MT. VERNON, Mo. — Cold January weather often brings one common complaint from cattle owners: “Why are my cattle not eating the hay that is out for them?”
“I’m not always sure I can pinpoint the exact reason in each situation but it’s a question I’m often asked,” said Eldon Cole, livestock specialist with University of Missouri Extension.
There are several possible reasons cows turn up their noses to the hay offered them. One is that the hay fed may have been harvested in a mature stage of growth when the neutral detergent fiber (NDF) level was high.
Cattle typically only consume a given amount of NDF daily. Levels of NDF in the upper 60s and 70 percent range could limit total dry matter intake.
“The cattle may be accustomed to higher quality forage that’s more palatable. Even stockpiled fescue in January is more palatable than much of the hay put up each year,” said Cole.
Another factor is that hay stored outside is consumed in lesser amounts than comparable barn-stored hay. Cole says NDF could be a factor as it may increase in percentage in outside storage, especially if high amounts of rain or snow fall on it.
After all, there was lots of rain in 2013 in southwest Missouri after hay harvest.
“A fourth reason is that research shows cattle eat less fescue hay that has high amounts of the toxin, ergovaline in it. The toxin level does lessen significantly during storage. This may explain why farmers often say their cattle eat two-year old fescue hay better than one-year old hay,” said Cole. “Similarly, a fungal condition in red clover called, black patch causes cattle to refuse to eat the hay.”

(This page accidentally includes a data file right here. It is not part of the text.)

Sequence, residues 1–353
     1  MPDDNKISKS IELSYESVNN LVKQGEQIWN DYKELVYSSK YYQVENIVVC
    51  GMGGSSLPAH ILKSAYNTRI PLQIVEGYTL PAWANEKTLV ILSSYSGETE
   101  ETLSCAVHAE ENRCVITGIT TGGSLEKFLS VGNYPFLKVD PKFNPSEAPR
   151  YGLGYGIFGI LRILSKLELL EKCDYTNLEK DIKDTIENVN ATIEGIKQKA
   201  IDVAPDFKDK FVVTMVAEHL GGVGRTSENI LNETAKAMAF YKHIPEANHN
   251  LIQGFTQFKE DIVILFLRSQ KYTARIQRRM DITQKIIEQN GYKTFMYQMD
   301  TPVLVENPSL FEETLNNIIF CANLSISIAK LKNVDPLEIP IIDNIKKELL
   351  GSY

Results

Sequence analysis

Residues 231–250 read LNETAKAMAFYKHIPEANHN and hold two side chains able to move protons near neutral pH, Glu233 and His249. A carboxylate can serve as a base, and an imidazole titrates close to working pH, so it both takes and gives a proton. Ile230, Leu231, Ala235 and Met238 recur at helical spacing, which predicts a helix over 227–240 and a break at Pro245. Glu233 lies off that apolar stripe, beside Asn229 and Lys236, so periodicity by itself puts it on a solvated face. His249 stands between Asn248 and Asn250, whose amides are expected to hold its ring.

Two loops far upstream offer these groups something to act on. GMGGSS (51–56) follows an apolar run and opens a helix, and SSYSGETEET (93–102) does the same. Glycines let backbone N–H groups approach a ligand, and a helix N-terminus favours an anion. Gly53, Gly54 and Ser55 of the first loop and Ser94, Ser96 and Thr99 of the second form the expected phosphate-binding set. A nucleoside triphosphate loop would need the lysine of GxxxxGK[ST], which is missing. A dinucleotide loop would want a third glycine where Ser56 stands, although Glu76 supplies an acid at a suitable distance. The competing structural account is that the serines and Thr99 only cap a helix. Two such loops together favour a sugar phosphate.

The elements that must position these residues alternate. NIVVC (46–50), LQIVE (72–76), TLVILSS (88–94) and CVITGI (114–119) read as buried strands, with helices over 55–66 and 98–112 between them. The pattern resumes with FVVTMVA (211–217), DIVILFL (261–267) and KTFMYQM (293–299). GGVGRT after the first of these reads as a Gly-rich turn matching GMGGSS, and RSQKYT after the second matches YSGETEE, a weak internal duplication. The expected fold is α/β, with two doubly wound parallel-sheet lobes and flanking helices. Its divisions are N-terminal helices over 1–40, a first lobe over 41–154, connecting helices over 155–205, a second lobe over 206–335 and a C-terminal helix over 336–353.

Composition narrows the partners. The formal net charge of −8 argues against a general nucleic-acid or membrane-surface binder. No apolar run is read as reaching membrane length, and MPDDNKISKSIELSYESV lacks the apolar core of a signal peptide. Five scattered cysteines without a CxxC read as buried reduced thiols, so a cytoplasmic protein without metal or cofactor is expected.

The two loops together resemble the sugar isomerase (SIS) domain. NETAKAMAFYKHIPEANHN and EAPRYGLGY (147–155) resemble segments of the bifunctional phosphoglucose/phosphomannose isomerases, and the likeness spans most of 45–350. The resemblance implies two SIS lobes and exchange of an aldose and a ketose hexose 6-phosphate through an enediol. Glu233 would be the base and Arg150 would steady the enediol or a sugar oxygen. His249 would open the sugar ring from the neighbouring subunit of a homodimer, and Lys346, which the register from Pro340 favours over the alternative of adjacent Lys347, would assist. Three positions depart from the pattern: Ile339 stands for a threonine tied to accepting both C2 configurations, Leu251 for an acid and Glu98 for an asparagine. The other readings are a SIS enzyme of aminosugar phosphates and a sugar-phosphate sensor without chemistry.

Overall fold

According to Cole, improving intake of unpalatable hay is challenging. There are protein and energy supplements that may be applied to the hay to increase intake.
“Just remember, even if cattle eat the low quality hay, the nutrient level of the hay remains low. If intake is increased enough the total pounds of the energy and protein, could offset the poor digestibility,” said Cole.
In contrast to the cattle not eating hay, Cole says another man contacted him who said his cattle loved some of his hay but it was discolored and smelled a bit like tobacco.
“He admitted it was damp at baling and did heat up some. Even though his cattle consume the hay readily, the heating could have resulted in the Maillard reaction which causes some of the protein to be indigestible,” said Cole.
As a result, Cole suggested having the hay tested along with a protein test. The investment can reveal if his 10 percent-plus protein hay is all available or if he needs to buy protein for certain classes of cattle.
“Testing forages costs a little, takes time and a special hay testing tool. However, it’s the most objective and accurate way to trouble-shoot problems with cattle and forages. Without that information you could be over or under supplementing your cattle,” said Cole.